Downtown Asheville: From the 1920s to now

Photo by Camille Nevarez-Hernandez

By Camille Nevarez-Hernandez

Ever wonder what historic buildings in downtown Asheville looked like back in the day? 

We were curious, so we dug through the archives — shout out to the Buncombe County Special Collections — and recreated modern versions that line up side-by-side with photos that trace back to the early 1920s. 

Let’s take a trip down memory lane and see the old and the new of downtown Asheville.

The Citizen-Times Building

First photo courtesy of Buncombe County Special Collections, second photo by Camille Nevarez-Hernandez

Hot off the press, we dug up a postcard of the Citizen Times building when it opened in 1939. This three-story building of reinforced concrete, black granite, and limestone used to be home to the city’s two newspapers: The Asheville Citizen and The Asheville Times, plus radio station WWNC. Now, it still houses (a much leaner) Asheville Citizen-Times office, along with Citizen Vinyl, Asheville’s very first record-pressing plant.  

Pack Square Plaza

First photo courtesy of Buncombe County Special Collections, second photo by Camille Nevarez-Hernandez

Pack Square has been a focal point of the city since 1797. It’s named after George W. Pack, who donated the land to create the park + funded most of the Vance Monument (which was fully removed in 2021). And this view will likely change again in the near future. The City of Asheville is currently in the process of leading a Pack Square revisioning project, which aims to create a new narrative around the past, present, and future of the plaza.

The Grove Arcade

First photo courtesy of Buncombe County Special Collections second photo by Camille Nevarez-Hernandez

Though Grove Arcade founder E.W. Grove died two years before the Arcade’s grand opening in 1929, his vision of an indoor retail center with offices and living spaces lived on for decades, until it was closed for military use in 1942. Eventually, the building became the headquarters for the National Weather Records Center from 1951-1995. Today, the building has returned to its original purpose as a shopping center — and it’s also developing a new reputation as a hot spot for restaurants

The Battery Park Hotel

First photo courtesy of Buncombe County Special Collections, second photo by Camille Nevarez-Hernandez

In 1924, one year after the original Battery Park Hotel was demolished (and eventually burned to the ground), Edwin W. Grove built the new 200-room, 14-story Battery Park Hotel near Page Avenue. The hotel closed in 1972 and is now home to the Battery Park Senior Apartments, an affordable rental community for seniors.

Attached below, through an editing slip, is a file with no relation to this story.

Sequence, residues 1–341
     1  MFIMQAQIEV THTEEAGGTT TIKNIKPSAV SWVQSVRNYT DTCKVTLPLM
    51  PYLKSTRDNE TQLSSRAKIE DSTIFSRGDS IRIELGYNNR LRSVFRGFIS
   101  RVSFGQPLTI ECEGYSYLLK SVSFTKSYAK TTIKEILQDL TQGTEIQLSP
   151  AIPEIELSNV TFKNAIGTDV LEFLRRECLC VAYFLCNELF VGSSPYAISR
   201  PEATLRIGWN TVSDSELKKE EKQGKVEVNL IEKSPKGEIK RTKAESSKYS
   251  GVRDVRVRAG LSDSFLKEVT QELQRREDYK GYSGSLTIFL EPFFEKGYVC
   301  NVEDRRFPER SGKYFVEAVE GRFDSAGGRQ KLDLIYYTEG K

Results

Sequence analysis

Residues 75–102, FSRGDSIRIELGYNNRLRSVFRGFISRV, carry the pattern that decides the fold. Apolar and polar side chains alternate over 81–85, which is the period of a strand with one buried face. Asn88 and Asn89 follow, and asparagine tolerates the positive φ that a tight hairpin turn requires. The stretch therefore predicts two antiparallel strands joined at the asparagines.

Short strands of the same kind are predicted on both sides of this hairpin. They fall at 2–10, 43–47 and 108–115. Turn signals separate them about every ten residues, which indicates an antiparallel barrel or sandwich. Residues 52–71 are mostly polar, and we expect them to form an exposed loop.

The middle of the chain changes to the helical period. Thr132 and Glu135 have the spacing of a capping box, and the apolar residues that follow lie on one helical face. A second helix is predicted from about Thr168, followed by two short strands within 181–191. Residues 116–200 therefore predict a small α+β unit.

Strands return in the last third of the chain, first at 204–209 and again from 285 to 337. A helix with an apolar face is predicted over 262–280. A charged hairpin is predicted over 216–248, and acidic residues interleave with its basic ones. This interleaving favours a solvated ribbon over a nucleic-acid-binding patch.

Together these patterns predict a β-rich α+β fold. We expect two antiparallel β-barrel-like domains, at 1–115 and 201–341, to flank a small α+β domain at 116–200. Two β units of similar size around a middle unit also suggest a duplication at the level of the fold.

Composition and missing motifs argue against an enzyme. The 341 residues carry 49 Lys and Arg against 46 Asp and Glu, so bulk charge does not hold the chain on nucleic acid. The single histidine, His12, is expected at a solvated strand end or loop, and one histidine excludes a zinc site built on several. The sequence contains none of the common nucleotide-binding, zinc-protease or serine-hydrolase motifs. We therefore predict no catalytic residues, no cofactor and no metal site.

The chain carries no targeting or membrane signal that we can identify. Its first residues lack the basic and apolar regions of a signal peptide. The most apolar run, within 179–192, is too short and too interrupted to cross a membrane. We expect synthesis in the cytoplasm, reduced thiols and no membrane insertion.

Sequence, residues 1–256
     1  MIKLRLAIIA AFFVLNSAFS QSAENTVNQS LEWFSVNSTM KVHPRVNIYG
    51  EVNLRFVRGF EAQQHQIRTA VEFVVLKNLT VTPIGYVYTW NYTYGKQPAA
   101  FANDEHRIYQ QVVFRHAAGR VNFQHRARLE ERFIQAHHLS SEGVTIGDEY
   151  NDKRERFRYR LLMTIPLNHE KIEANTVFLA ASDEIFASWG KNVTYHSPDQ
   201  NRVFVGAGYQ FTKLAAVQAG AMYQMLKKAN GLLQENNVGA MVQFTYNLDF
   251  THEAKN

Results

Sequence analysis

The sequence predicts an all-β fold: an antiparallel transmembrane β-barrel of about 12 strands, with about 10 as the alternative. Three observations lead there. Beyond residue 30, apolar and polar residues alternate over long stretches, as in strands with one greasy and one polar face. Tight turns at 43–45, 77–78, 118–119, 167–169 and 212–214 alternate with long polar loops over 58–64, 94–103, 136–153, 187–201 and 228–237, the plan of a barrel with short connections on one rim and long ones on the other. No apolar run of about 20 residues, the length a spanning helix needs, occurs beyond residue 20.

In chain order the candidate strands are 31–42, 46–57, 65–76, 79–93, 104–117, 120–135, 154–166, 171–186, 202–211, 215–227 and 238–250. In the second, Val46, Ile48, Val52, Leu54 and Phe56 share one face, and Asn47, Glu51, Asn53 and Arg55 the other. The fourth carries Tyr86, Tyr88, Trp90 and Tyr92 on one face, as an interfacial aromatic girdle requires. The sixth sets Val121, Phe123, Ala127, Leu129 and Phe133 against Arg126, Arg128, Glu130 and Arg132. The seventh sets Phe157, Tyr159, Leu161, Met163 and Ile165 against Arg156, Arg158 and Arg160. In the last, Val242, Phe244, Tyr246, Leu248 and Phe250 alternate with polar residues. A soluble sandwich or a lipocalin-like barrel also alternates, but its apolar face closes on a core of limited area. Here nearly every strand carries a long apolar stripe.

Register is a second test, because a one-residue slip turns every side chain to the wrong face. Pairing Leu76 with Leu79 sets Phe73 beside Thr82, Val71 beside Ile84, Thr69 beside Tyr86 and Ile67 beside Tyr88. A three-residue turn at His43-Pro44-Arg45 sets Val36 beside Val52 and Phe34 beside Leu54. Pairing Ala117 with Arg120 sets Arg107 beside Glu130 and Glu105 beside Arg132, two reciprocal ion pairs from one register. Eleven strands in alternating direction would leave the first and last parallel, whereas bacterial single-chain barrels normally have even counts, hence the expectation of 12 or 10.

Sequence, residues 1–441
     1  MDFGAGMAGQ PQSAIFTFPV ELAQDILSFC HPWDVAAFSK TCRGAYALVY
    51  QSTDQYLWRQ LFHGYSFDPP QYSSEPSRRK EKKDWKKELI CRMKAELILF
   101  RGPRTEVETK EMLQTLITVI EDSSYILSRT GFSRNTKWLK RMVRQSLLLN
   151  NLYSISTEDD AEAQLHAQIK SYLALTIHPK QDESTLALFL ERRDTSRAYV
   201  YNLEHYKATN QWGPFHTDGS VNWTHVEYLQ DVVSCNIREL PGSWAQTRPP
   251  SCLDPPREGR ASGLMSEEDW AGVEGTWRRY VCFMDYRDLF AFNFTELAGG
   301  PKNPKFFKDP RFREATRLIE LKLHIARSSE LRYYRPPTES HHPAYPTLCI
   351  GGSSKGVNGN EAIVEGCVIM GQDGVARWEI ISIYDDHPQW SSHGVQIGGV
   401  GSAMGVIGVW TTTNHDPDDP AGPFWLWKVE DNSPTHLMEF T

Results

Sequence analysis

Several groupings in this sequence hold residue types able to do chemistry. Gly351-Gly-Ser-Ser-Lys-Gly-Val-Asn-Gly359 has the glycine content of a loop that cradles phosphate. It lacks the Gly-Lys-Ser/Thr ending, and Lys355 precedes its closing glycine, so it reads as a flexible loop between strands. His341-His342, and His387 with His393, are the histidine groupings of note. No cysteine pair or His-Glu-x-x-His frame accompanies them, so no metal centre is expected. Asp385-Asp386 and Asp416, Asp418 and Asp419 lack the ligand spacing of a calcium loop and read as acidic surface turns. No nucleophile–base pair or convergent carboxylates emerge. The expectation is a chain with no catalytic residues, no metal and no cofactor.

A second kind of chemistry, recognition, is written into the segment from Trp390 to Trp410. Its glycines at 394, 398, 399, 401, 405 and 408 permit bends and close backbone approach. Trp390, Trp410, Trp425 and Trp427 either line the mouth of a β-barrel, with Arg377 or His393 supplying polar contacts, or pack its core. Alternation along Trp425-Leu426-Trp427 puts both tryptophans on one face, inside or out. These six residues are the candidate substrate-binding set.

The S&W Cafeteria

First photo courtesy of Buncombe County Special Collections, second photo by Camille Nevarez-Hernandez

The S&W Cafeteria has had a rocky history with a lot of openings and closings — but this 1929 Art Deco building still stands with open doors, now as S+W Market, Asheville’s first food hall. AVLtoday Intern Camille wonders which restaurant building architect Douglas Ellington would try first — she’d recommend Bun Intended. 

The Flatiron Building

First photo courtesy of Buncombe County Special Collections, second photo by Camille Nevarez-Hernandez

Asheville’s own little pocket of Manhattan has sat pretty on Battery Park Avenue since 1927. While many cities have their own Flatiron Building, Asheville’s version has a unique neoclassical style approach, thanks to architect Albert C. Wirth.

The building is currently being transformed into a hotel that draws inspiration from the original “Lost Generation” of the roaring twenties. The new iteration of the Flat Iron, slated for completion in spring 2023, is expected to have a restaurant, rooftop bar, and there’s rumors of a speakeasy.

The Jackson Building

First photo courtesy of North Carolina Collection, Pack Memorial Public Library, second photo by Camille Nevarez-Hernandez

The 140 ft tall Jackson Building, built in 1924 by architect Ronald Greene, was WNC’s first skyscraper. This Neo-Gothic style building also holds the record for the tallest building in the smallest lot of ​​only 27 x 60 ft. There’s a bit of dark history to this building as well (more on that here), but on a more delicious note: it’s also the home of Stay Glazed…Donuts.

This ever changing city keeps getting prettier and prettier as the years go by. Send us some old pictures of Asheville that you might have in the storage unit here.